IRISH ENTREPRENEUR OISIN Hanrahan received a share windfall worth more than $4 million from the sale of his on-demand home services firm Handy as part of its merger with a billion-dollar US outfit.
However he and his co-founder only received a small fraction of the potential $164 million takeover value after investors mopped up the vast majority of the deal.
Hanrahan’s six-year-old New York-based company, which provides a booking system for pre-screened cleaning and DIY staff, was acquired last month by the Nasdaq-listed Angi Homservices.
While the terms of the deal were not revealed at the time, recent filings for Angi Homeservices show up to 8.6 million shares were being issued to Handy’s stakeholders for the merger.
Angi said that around 1.1 million of these shares would be “held in escrow for purposes of purchase price adjustment” and to indemnify selling shareholders, which meant the final number of shares going to Handy’s owners could be reduced accordingly.
Separate filings said the maximum value of the remaining near-7.5 million shares being issued was put at $143 million based on a maximum share price of $19.12. The value of the deal would be up to $164 million if the full 8.6 million shares were handed over.
A spokeswoman for Angi said the company was not providing any comment on the financial details of the Handy acquisition deal when asked by Fora for clarification on the terms of the agreement or if any other payments were involved.
The documents reveal that Hanrahan got shares worth just over $4 million, based on the maximum share price, as part of the deal, although this would increase if the full number of shares were granted.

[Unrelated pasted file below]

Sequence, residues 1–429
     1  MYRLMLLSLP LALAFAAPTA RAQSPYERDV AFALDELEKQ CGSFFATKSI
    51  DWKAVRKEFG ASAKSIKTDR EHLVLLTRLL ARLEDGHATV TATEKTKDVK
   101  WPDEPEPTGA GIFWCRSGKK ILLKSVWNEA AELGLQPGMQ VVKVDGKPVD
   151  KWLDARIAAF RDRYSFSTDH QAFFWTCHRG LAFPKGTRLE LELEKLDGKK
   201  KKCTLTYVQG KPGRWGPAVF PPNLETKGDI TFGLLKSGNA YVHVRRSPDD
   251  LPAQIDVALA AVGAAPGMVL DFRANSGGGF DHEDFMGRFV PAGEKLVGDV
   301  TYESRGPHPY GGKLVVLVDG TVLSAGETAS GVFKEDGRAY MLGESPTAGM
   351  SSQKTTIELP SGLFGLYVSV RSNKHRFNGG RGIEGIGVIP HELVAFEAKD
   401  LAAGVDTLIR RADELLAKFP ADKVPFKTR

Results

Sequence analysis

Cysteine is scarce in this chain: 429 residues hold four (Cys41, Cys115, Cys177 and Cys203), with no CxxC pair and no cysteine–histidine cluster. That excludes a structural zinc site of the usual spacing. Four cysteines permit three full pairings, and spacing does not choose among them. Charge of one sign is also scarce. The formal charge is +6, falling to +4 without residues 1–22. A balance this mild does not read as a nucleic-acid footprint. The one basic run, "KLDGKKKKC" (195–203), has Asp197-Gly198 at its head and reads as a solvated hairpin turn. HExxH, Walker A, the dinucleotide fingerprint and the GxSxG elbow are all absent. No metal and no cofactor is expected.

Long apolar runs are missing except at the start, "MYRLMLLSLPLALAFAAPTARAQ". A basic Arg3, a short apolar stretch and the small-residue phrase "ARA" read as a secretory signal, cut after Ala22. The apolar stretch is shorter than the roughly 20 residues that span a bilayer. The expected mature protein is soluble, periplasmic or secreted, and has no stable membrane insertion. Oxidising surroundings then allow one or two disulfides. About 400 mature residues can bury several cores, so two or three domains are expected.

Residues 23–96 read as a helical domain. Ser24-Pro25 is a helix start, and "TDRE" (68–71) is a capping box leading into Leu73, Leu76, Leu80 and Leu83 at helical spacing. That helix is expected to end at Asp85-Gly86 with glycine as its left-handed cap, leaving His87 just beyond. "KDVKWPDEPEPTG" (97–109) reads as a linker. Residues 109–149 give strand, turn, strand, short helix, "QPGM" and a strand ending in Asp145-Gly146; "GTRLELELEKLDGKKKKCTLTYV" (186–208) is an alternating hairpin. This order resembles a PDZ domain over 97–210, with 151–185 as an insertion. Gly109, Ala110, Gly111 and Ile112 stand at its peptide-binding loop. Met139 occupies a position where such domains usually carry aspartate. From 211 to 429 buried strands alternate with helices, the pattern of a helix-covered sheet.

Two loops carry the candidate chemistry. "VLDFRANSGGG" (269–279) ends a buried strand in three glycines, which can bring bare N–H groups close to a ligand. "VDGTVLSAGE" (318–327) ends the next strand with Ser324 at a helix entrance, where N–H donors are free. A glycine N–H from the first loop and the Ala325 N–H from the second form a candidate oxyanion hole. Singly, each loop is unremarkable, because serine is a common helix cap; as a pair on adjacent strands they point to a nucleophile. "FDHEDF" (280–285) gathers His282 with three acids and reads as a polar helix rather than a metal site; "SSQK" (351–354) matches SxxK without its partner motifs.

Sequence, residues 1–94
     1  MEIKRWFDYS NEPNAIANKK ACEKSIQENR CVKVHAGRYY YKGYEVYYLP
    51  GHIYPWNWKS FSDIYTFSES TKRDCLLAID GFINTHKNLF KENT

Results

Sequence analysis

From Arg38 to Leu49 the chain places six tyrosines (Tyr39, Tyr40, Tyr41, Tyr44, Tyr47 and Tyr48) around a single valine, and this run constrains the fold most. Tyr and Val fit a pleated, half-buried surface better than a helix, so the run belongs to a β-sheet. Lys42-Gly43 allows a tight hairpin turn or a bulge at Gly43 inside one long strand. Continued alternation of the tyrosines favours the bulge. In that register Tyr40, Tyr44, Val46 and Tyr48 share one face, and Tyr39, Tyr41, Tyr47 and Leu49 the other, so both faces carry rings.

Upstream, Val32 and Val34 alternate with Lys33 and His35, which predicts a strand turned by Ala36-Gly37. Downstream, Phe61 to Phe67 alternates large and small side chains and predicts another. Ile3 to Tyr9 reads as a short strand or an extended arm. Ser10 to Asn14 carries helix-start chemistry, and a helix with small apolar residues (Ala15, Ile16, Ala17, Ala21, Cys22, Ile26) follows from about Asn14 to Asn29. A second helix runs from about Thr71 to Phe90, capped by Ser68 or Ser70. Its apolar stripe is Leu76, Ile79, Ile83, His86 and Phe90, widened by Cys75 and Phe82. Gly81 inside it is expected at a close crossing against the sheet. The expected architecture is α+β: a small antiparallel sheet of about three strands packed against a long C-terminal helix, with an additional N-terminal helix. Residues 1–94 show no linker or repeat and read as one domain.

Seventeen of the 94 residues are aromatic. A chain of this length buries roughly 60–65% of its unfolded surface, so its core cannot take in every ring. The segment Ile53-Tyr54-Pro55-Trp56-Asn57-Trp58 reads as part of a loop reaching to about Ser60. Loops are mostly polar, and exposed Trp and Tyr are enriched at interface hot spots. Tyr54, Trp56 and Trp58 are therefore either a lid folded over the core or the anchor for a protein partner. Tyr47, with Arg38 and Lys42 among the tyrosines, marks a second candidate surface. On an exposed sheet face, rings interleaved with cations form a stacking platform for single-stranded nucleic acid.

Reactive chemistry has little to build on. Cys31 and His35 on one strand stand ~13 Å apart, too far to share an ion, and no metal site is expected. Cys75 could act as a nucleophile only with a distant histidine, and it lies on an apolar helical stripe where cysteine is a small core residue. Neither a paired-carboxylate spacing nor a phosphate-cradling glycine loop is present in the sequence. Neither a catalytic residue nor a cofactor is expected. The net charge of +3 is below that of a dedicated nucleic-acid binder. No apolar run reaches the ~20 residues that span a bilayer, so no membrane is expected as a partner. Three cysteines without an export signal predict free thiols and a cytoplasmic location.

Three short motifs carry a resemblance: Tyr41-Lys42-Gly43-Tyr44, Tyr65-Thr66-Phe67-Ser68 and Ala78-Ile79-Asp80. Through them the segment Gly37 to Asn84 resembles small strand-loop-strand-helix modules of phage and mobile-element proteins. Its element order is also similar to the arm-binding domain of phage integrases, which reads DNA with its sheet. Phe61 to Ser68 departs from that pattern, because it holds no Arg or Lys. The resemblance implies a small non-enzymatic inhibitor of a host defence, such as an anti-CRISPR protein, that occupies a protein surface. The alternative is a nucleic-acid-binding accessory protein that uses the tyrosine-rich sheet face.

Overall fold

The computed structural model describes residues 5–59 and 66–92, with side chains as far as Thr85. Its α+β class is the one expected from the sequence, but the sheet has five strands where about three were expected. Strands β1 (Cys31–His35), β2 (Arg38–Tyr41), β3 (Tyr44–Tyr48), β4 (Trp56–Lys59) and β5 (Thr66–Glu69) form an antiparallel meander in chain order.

He and his co-founder, Umang Dua, were being granted less than 6% of the Angi Homeservices shares being offered to Handy’s owners with the takeover.
Both Hanrahan and Dua are due to stay on in their roles as chief executive and chief operations officer at Handy following the merger.
Easily the largest percentages were reserved for the on-demand service company’s investors, which pumped a combined $110 million into the six-year-old business before its sale.
Four VC firms, Revolution, Highland Capital Partners, General Catalyst and Fidelity Investments, were granted nearly three-quarters of the Angi shares on offer as part of the merger.
Their stake was worth around $104 million based on the $19.12 share price, increasing to a potential $120 million if the maximum number of shares were granted. Angi’s share price has since fallen to below $18.
Handy will keep operating as a standalone business under the new owner, which also owns crowd-sourced home services review site Angie’s List.
It has partnered with the likes of Walmart to sell Handy’s home-installation and other services, like furniture assembly or mounting a television on a wall, through the retailer’s outlets.
Speaking on an earnings call last week, Angi CEO Brandon Ridenour said Handy was a “really straightfoward growth opportunity” for his company, adding that it had some “great initial retail partnerships”.
Handy was expected to contribute “a few million dollars” of losses each quarter until the end of next year as Angi invested in the business.
Hanrahan studied at Trinity College Dublin before going on to the London School of Economics and Harvard Business School. He founded Budapest-based property development firm Clearwater Group while still a student at Trinity.
Last month, he was revealed as one of several individual investors who backed Dublin freelancer marketplace Advisable in a €1 million funding round.